Carrie Lam: China intervention in Hong Kong can′t be ruled out | News | DW | 08.10.2019

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Carrie Lam: China intervention in Hong Kong can't be ruled out

Hong Kong leader Carrie Lam has said that she won't rule out intervention from Beijing to deal with protesters in Hong Kong. She stressed that she believed Hong Kong should 'find the solution' itself.

Watch video 00:30

Carrie Lam: Find our own solutions

In her weekly press conference on Tuesday, Hong Kong Chief Executive Carrie Lam said that Beijing agrees the island should reach a peaceful solution to ongoing mass protests without Chinese intervention, though she refused to rule out that option.

"At this point in time, I still strongly feel that we should find the solutions ourselves," Lam said. "It is also the position of the central government [in Beijing] that Hong Kong should tackle the problem on her own."

"But if the situation becomes so bad, then no options can be ruled out if we want Hong Kong to at least have another chance," she added.

"I cannot tell you categorically now under what circumstances we will do extra things, including calling on the central government to help," Lam told reporters.

Sunday saw the first time that the Chinese military directly engaged with protesters, with personnel inside China's People's Liberation Army barracks in Hong Kong issuing a warning to protesters who shined laser pointers at the building.

Read more: Chinese military intervention in Hong Kong would be costly

Members of the Chinese People's Liberation Army show a sign warning protesters against shining laser pointers at their building

Members of the Chinese People's Liberation Army warned protesters against shining laser pointers on their building

Face mask ban still in place

Lam drew widespread criticism on Friday for invoking a colonial-era emergency ordinance to ban the use of face masks at public gatherings. However, in Tuesday's press conference, she argued that other countries might have reacted with harsher sanctions than those she had implemented.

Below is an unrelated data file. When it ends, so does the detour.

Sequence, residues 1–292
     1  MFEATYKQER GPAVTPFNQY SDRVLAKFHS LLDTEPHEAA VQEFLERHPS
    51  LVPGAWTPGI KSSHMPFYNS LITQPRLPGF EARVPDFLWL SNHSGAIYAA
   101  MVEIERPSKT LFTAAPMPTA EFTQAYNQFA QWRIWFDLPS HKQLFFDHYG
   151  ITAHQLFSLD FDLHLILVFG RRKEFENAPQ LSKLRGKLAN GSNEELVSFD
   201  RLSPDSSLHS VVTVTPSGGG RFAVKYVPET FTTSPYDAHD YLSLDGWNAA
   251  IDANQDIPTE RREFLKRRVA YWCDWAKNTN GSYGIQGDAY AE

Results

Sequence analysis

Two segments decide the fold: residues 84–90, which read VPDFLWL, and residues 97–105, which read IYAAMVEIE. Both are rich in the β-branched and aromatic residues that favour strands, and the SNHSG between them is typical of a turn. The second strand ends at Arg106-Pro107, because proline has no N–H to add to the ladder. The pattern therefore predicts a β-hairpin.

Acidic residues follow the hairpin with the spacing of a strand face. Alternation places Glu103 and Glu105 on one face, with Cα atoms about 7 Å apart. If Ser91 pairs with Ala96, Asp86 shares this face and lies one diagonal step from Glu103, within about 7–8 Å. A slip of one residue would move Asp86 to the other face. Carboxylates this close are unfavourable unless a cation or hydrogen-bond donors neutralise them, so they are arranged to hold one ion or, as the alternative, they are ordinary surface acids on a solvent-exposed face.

"Their measures wouldn't be more lenient than ours, and perhaps would be more draconian," she said.

Lam also said that she had no plans to introduce further measures under the emergency powers, and that her government would make a "careful assessment" before imposing any fresh measure, such as internet controls, under the law.

When asked whether the face mask ban had been a success, she said that it was too early to tell.

"I'm sure you'll agree that for any new policy or new legislation, it will take time to be effectively implemented," she said.

Over the weekend, thousands of people flaunted the ban, though only two have so far been charged in accordance with the new law: a male university student and a 38-year-old woman.

The ban is also in place in schools and universities, and teachers have been asked to report how many students are wearing masks as they return to class on Tuesday.

Read more: Hong Kong crisis: What you need to know 

Watch video 02:38

Hong Kong: Mass demonstrations have continued in defiance of the ban

Long weekend of protests

Lam's remarks came after much of Hong Kong returned to work following a long holiday weekend, the so-called Golden Week.

However, Lam noted that visitor numbers "plunged over 50%" last week. Metro services did not return to full capacity on Tuesday after protesters over the weekend paralyzed transport links and other public services. Many restaurants and other businesses which should have been doing brisk trade for the public holiday closed early. 

ATMs, banks and many shops were vandalized by protesters. Two teenage protesters have been shot and wounded by police since the protests began four months ago. Rallies over the weekend descended into running clashes with police, who fired tear gas and used batons to disperse protesters.

The unrest began in June after the tabling of the controversial Chinese extradition bill. Although the bill has since been shelved, protesters remain dissatisfied with the state of affairs in Hong Kong, and protests show no sign of abating.

Lam is due to give a policy address next week but said on Tuesday that it would not be the "usual comprehensive" address, given the situation.

ed/dr (dpa, AFP, Reuters)

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